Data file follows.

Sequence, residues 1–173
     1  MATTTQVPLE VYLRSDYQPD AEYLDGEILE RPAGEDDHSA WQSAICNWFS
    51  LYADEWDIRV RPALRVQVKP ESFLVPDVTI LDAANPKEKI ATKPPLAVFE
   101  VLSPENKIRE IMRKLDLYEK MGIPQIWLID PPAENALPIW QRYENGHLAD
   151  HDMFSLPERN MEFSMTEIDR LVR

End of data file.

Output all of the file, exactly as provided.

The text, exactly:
Sequence, residues 1–173
     1  MATTTQVPLE VYLRSDYQPD AEYLDGEILE RPAGEDDHSA WQSAICNWFS
    51  LYADEWDIRV RPALRVQVKP ESFLVPDVTI LDAANPKEKI ATKPPLAVFE
   101  VLSPENKIRE IMRKLDLYEK MGIPQIWLID PPAENALPIW QRYENGHLAD
   151  HDMFSLPERN MEFSMTEIDR LVR